Technological advancements of the 1960s

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Technological advancements of the 1960s

Within a few decades, machine intelligence will surpass human intelligence, leading to The Singularity — technological change so rapid and profound it represents a rupture in the fabric of human history. The implications include the merger of biological and nonbiological intelligence, immortal software-based humans, and ultra-high levels of intelligence that expand outward in the universe at the speed of light.

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For complete details, see below. Until I return to a further explanation, however, do read the first sentence of this paragraph carefully.

Technological advancements of the 1960s

Now back to the future: Our forebears expected the future to be pretty much like their present, which had been pretty much like their past. Although exponential trends did exist a thousand years ago, they were at that very early stage where an exponential trend is so flat that it looks like no trend at all.

So their lack of expectations was largely fulfilled. Today, in accordance with the common wisdom, everyone expects continuous technological progress and the social repercussions that follow. But the future will be far more surprising than most observers realize: Bill and I have been frequently paired in a variety of venues as pessimist and optimist respectively.

When people think of a future period, they intuitively assume that the current rate of progress will continue for future periods. However, careful consideration of the pace of technology shows that the rate of progress is not constant, but it is human nature to adapt to the changing pace, so the intuitive view is that the pace will continue at the current rate.

Even for those of us who have been around long enough to experience how the pace increases over time, our unexamined intuition nonetheless provides the impression that progress changes at the rate that we have experienced recently.

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So even though the rate of progress in the very recent past e. It is typical, therefore, that even sophisticated commentators, when considering the future, extrapolate the current pace of change over the next 10 years or years to determine their expectations.

But a serious assessment of the history of technology shows that technological change is exponential. In exponential growth, we find that a key measurement such as computational power is multiplied by a constant factor for each unit of time e. Exponential growth is a feature of any evolutionary process, of which technology is a primary example.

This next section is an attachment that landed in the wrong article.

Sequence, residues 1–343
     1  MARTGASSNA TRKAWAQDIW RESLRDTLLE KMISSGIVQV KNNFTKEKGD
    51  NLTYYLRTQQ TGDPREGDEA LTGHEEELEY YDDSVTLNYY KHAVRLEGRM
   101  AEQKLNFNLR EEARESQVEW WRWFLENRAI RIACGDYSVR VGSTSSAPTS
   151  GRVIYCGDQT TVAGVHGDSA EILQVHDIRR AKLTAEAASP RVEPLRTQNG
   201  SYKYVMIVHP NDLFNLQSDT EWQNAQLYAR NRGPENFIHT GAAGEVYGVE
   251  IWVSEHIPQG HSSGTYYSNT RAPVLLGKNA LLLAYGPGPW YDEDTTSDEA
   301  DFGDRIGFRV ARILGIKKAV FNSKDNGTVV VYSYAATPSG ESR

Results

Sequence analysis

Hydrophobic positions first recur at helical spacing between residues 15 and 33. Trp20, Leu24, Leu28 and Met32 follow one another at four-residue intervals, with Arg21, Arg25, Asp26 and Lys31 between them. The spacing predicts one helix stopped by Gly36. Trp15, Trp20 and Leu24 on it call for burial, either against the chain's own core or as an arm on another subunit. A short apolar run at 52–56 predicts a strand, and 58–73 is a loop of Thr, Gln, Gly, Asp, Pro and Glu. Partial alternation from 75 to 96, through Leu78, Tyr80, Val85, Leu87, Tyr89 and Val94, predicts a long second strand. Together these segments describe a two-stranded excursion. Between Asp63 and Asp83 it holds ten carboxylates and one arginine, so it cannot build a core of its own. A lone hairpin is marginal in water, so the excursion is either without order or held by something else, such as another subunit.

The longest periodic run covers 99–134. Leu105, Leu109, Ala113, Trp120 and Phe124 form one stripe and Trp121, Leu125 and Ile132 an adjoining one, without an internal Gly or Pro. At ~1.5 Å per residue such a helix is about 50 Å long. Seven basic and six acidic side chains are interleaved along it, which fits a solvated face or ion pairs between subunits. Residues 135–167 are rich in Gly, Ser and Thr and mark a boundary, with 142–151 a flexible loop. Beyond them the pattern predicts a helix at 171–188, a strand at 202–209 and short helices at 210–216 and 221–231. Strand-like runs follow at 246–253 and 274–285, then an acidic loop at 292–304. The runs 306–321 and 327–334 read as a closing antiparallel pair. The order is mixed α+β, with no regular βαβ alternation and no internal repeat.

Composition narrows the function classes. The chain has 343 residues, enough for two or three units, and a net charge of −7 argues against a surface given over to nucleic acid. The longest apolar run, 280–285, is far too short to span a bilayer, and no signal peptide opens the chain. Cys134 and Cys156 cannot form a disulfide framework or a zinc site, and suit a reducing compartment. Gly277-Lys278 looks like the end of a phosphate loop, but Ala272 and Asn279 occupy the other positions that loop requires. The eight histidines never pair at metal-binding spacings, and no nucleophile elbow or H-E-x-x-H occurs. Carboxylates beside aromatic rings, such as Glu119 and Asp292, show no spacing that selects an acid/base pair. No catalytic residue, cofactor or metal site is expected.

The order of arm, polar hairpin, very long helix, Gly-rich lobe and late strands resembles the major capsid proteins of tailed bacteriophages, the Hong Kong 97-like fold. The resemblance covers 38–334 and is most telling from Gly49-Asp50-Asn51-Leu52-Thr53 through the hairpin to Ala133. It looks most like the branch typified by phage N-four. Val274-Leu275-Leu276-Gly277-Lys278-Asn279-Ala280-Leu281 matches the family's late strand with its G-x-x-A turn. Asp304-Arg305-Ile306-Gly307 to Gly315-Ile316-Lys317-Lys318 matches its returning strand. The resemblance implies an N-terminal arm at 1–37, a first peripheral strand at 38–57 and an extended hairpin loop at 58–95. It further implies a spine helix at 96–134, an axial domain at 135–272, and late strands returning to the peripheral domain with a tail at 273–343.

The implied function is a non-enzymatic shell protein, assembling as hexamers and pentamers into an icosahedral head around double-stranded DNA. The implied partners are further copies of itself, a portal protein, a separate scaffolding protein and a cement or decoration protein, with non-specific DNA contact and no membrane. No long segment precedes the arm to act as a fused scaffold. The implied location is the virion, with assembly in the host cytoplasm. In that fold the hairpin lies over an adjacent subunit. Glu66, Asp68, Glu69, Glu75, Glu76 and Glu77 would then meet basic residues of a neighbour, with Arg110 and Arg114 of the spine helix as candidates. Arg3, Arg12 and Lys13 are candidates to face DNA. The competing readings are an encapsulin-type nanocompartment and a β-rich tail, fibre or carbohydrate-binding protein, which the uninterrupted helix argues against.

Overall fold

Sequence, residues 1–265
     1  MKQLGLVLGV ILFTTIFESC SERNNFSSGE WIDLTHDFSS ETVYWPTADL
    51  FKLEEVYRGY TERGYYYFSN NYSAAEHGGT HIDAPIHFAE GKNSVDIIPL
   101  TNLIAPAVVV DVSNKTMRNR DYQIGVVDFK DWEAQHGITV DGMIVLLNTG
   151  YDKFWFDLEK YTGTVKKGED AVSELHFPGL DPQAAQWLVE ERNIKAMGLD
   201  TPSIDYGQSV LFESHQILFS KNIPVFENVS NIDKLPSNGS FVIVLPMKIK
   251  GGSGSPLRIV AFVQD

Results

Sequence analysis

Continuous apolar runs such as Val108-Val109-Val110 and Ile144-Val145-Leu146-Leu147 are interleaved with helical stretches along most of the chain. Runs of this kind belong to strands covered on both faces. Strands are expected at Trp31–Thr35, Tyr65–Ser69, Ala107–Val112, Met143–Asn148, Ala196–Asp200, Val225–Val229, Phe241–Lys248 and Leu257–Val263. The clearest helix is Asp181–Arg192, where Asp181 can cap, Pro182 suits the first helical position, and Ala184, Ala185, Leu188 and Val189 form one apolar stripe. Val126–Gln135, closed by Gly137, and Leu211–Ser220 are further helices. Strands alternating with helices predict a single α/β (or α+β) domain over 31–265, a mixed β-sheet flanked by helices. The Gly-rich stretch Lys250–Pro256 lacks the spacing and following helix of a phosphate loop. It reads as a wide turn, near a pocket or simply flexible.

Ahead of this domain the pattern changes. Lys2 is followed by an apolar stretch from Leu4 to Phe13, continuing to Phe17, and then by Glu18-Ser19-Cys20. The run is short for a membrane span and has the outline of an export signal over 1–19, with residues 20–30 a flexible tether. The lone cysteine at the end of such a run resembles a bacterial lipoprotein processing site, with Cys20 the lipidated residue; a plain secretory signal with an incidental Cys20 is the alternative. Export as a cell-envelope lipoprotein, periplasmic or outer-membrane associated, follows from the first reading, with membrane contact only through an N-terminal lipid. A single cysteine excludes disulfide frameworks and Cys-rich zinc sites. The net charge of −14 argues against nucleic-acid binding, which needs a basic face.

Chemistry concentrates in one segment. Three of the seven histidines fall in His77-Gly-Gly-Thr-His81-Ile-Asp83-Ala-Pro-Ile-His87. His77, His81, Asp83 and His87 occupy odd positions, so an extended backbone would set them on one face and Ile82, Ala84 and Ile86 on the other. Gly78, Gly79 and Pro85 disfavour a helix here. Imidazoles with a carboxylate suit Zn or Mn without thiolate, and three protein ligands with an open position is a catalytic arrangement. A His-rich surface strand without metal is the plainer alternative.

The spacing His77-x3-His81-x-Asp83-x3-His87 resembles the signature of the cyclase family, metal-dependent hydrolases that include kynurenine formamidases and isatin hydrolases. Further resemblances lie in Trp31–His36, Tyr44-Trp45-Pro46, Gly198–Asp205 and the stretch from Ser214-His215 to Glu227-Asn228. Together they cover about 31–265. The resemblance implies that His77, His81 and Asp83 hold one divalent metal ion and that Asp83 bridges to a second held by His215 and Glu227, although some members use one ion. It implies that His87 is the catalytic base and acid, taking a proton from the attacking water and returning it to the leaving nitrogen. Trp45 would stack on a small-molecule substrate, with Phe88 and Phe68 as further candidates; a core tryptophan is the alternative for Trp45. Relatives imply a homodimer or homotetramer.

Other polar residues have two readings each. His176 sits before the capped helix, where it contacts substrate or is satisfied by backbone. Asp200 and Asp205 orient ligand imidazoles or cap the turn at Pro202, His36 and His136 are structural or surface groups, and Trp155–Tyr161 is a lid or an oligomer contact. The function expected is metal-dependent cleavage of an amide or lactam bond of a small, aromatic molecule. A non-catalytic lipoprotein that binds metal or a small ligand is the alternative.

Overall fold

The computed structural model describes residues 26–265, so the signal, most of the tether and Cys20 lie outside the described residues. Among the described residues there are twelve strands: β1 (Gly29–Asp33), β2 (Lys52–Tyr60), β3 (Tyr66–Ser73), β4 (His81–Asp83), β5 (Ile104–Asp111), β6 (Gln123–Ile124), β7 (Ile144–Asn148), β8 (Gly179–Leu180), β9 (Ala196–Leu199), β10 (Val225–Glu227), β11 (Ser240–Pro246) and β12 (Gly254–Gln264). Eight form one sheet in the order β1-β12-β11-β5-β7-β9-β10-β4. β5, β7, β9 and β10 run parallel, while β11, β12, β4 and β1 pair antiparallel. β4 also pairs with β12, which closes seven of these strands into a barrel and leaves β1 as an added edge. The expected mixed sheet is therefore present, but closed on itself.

One can examine the data in different ways, on different time scales, and for a wide variety of technologies ranging from electronic to biological, and the acceleration of progress and growth applies. What it clearly shows is that technology, particularly the pace of technological change, advances at least exponentially, not linearly, and has been doing so since the advent of technology, indeed since the advent of evolution on Earth.

I emphasize this point because it is the most important failure that would-be prognosticators make in considering future trends. That is why people tend to overestimate what can be achieved in the short term because we tend to leave out necessary detailsbut underestimate what can be achieved in the long term because the exponential growth is ignored.

The Law of Accelerating Returns We can organize these observations into what I call the law of accelerating returns as follows: Evolution applies positive feedback in that the more capable methods resulting from one stage of evolutionary progress are used to create the next stage.

As a result, the rate of progress of an evolutionary process increases exponentially over time. In another positive feedback loop, as a particular evolutionary process e.The s were all about rationing, protein stretching, substitutions, rediscovering "grandma's foods", and making do with less.

Home cooks made sugarless cookies, eggless cakes, and meatless rutadeltambor.comoks, magazines, government pamphlets, and food company brochures were full of creative ideas for stretching food supplies. Technology in the 's Timeline created by AS In Science and Technology.

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May 16, The LASER The LASER was invented byTheodore Maiman. It is now used to read blue-ray. LASER is an ancronym and stands for Light Amplification by Stimulated Emission of Radiation. Technology from Although the Pill is associated with the sexual revolution of the s, it was actually created in the ‘50s.

The FDA approved the Pill in , but only for cases of severe menstrual disorders and not as a contraceptive. The IT revolution drives the extraordinarily rapid decline in the cost and rapid increase in the processing power of digital technologies. The digital device whose technological advance has perhaps been most crucial to the IT revolution is the microprocessor, the collections of millions of tiny circuits that serve as the “brains” of personal computers and that are embedded in an ever.

Industrial Revolution During the Industrial Revolution of the eighteenth and nineteenth centuries, pollution became a major problem with the introduction of the steam engine and a series of technological advances that led to the production of goods shifting from homes and small factories to .

An analysis of the history of technology shows that technological change is exponential, contrary to the common-sense intuitive linear view. So we won't experience years of progress in the 21st century -- it will be more like 20, years of progress (at today's rate). The returns, such as chip speed and cost-effectiveness, also increase exponentially.

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